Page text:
As the gear extended into the rushing air, there was a tremendous bang that sounded like an explosion. This was followed by the deafening sound of rushing air and metal tearing off from the aircraft. The noise level increased and made the experience even more frightening. Seconds later Hoot began to feel some feedback in the control wheel. The rotation stopped, but the plane continued to oscillate left and right. Hoot pulled back on the yoke and felt the elevator responding to his input. He continued to pull back on the yoke, but he was also concerned that if he pulled too hard the wings might come off. He could feel the g-forces intensifying. As the g-forces reached near 6 G’s, a terrible thought raced through his mind. They weren’t going to make it. He could see the ground rapidly approaching. They were entering a cloud deck or fog layer, and he could see hazy lights from the ground rushing up at tremendous speed. The plane was now in control, but they were too late. They were going to hit the ground.

Just how close the plane came to actually hitting the ground would be a subject for later debate. Hoot did, however, manage to pull the plane out of the dive. As the plane shot skyward, Hoot looked outside and saw the half-moon above him. He locked onto the moon and didn’t let it out of his sight, knowing that as long as he had the moon in view he couldn’t be headed for the ground.

It took only seconds to shoot up from nearly hitting the surface to climbing through eight thousand feet. About this time Gary Banks started to come out of his blackout. Sitting away from the instrument panel gave Gary a unique perspective. He could see the nose of the airplane and the horizon. It was obvious to him that they were climbing too steeply. He looked over at the airspeed indicator and saw the speed bleeding off rapidly.

Watch your attitude and your speed, Gary said over Hoot’s shoulder. You’re in a forty-five degree bank to the left. Airspeed’s decreasing.

Gary’s feedback broke Hoot’s fixation on the moon. He started to ease the nose over, but he over-compensated and created negative G’s. Now they were floating out of their seats. The plane was flying, but it wasn’t stable. It was vibrating and shaking and oscillating from side to side.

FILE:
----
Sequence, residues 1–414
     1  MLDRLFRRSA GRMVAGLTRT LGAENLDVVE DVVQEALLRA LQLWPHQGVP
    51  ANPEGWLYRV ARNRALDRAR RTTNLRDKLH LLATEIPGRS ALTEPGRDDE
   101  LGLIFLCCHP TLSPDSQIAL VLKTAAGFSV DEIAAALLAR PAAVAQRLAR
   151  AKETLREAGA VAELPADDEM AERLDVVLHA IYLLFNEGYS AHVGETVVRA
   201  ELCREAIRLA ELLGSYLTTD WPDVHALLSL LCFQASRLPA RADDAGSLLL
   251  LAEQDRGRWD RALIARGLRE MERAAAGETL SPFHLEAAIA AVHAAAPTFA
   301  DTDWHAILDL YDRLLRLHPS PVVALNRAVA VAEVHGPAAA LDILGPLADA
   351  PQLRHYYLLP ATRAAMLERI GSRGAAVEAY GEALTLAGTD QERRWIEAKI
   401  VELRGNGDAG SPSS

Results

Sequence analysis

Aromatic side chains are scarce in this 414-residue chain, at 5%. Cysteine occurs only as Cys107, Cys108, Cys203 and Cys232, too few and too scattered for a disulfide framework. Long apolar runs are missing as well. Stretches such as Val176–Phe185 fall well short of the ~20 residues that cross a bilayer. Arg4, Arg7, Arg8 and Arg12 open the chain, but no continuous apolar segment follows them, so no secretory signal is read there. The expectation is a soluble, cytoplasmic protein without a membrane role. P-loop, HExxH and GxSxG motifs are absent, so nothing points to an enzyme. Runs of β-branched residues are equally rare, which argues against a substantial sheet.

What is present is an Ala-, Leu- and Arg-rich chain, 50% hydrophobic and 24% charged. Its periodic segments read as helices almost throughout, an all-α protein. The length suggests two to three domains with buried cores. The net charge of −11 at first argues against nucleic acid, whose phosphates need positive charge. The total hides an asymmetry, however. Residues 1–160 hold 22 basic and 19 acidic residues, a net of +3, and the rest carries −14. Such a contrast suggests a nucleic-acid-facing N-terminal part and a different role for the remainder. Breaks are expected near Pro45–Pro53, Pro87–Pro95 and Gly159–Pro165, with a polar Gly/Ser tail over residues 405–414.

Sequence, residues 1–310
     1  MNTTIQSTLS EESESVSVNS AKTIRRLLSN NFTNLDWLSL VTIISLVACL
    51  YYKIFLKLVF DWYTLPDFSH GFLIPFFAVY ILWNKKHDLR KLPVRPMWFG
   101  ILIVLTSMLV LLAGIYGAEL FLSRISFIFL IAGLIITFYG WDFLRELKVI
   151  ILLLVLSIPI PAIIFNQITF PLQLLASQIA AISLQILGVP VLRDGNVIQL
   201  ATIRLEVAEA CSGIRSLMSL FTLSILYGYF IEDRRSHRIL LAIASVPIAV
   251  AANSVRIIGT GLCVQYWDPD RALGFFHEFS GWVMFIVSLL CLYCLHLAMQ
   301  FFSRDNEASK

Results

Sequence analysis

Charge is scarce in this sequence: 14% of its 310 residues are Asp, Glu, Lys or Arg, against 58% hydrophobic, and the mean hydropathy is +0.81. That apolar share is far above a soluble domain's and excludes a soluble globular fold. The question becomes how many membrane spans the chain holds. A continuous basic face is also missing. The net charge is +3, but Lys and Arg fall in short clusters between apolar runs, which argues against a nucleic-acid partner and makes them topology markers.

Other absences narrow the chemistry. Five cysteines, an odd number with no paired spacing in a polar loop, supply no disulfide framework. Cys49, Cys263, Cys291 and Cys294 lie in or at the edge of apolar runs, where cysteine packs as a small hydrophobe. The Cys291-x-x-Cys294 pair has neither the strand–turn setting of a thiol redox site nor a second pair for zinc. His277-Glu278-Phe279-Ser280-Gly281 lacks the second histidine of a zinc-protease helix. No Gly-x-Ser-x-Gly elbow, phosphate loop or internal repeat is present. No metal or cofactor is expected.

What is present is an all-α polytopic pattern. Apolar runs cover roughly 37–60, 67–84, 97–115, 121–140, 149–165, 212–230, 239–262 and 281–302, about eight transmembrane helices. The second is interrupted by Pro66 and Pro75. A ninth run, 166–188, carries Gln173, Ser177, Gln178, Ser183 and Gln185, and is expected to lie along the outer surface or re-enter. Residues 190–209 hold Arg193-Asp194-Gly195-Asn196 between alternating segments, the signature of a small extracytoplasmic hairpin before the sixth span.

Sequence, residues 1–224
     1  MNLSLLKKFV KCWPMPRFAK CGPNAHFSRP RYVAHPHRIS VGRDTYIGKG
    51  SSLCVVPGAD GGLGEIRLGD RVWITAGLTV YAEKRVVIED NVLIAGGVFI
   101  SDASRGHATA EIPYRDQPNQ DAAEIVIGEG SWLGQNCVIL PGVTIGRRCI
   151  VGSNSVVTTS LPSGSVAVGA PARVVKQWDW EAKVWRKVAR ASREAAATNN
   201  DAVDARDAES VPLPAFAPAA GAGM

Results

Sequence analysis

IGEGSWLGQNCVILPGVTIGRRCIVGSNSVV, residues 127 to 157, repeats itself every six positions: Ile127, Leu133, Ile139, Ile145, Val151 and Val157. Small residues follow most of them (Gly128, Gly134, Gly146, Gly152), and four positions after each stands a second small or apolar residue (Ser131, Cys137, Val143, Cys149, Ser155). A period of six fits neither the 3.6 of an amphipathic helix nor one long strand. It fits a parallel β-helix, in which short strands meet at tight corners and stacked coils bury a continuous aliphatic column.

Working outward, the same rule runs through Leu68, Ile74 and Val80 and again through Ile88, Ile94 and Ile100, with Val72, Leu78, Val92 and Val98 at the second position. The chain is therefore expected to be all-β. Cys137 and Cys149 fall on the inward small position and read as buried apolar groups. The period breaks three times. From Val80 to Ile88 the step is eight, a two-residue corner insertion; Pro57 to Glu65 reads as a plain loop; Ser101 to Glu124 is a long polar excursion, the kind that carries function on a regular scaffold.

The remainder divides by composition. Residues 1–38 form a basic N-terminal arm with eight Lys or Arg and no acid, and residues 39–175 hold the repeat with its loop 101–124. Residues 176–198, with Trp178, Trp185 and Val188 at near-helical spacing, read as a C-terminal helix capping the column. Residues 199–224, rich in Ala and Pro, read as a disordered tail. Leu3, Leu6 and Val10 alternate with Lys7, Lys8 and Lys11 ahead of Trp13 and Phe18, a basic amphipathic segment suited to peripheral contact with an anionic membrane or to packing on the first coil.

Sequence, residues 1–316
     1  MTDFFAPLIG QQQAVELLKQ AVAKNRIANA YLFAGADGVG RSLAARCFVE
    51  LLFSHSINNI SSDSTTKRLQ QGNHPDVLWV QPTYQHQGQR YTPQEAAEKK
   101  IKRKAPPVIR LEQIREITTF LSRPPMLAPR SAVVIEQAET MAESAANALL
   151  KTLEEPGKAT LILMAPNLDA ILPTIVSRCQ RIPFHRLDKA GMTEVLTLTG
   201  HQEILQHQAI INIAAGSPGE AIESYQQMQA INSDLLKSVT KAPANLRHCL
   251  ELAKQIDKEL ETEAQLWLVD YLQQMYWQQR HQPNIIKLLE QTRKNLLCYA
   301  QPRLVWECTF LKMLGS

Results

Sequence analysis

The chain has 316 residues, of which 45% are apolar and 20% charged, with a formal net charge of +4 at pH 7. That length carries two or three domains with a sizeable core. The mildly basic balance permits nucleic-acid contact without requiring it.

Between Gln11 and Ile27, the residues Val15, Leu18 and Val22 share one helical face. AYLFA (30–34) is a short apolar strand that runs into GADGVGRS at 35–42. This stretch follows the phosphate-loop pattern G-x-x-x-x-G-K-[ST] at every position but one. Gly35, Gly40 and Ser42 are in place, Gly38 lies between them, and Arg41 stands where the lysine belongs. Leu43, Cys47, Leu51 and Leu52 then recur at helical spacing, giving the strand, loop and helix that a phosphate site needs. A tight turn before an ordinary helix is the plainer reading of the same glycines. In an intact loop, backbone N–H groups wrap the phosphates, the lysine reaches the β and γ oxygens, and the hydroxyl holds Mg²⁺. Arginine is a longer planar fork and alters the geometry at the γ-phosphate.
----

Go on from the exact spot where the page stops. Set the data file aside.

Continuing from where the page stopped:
Watch your speed! Gary yelled out again.

Hoot was trying to get a feel for what he could and couldn’t do with the plane. He let the nose drop through the horizon and they quickly went from 9,500 feet back down to below 3,000 feet.

Hoot climbed back up to ten thousand feet and brought the plane into a somewhat level attitude. The plane was still shaking, and the noise level was so high that they had to shout in order to be heard. Adding to the slipstream noise and vibrations was the constant wailing of the gear unsafe horn. The gear had extended, but the nose gear and both main landing gear were indicating that they were not down and locked. The warning horn became so annoying that Gary Banks pulled the circuit breaker to silence it.² Gary scanned the flight-engineer panel looking for problems and reported that the system A hydraulics was indicating zero for both pressure and fluid level. He didn’t see anything else on the FE panel, but when he made a scan of the instrument panel, he noticed a failure flag in the lower yaw damper. He pointed that out to Hoot and Scott along with the three unsafe gear indications. About this time, they heard the call from Cleveland Center.

When they were at cruise altitude, Hoot remembered seeing the lights from Chicago. He knew the weather at Chicago had to be clear. He suggested to Scott and Gary that they head for Chicago. Hoot’s thinking was that if the plane had held together this long, it should be able to get to Chicago without falling apart. O’Hare Airport was also a TWA base. There would be better maintenance available there, and it would also be easier for the passengers to find other flights. Scott and Gary, however, were adamantly against that idea. They wanted to get the plane on the ground as soon as possible. The debate about where to go for an emergency landing was interrupted by the controller.

Pilots needing to make an emergency landing are required to land at the nearest suitable airport. The term nearest suitable airport, however, doesn’t always equate to the closest airport. There could be an airport a few miles away but it may not be suitable for a number of reasons such as weather, runway length, or approach capability. There were several airports in close proximity to TWA 841; Saginaw and Flint airports were both just minutes away. But Hoot didn’t want to have to make an instrument approach in poor weather with an aircraft he was still having difficulty controlling. He picked up his mike and called Cleveland Center.

With the aircraft somewhat stable, Hoot knew he had to say something to the passengers. He picked up the handset to make an announcement but hesitated before speaking. He wanted to update the passengers, but he also didn’t want to alarm them. Ladies and Gentleman, I think it is apparent that we’ve had a slight problem, Hoot began. We’re going to be pretty busy up here for the next few minutes. We’ll get back to you as soon as we can.

Hoot turned to Gary and told him to brief the lead flight attendant and have him prepare the cabin for an emergency landing. Gary opened the cockpit door and found Mark Moscicki standing there waiting for instructions.

Do you remember your training at the Breech Academy?³ Gary asked.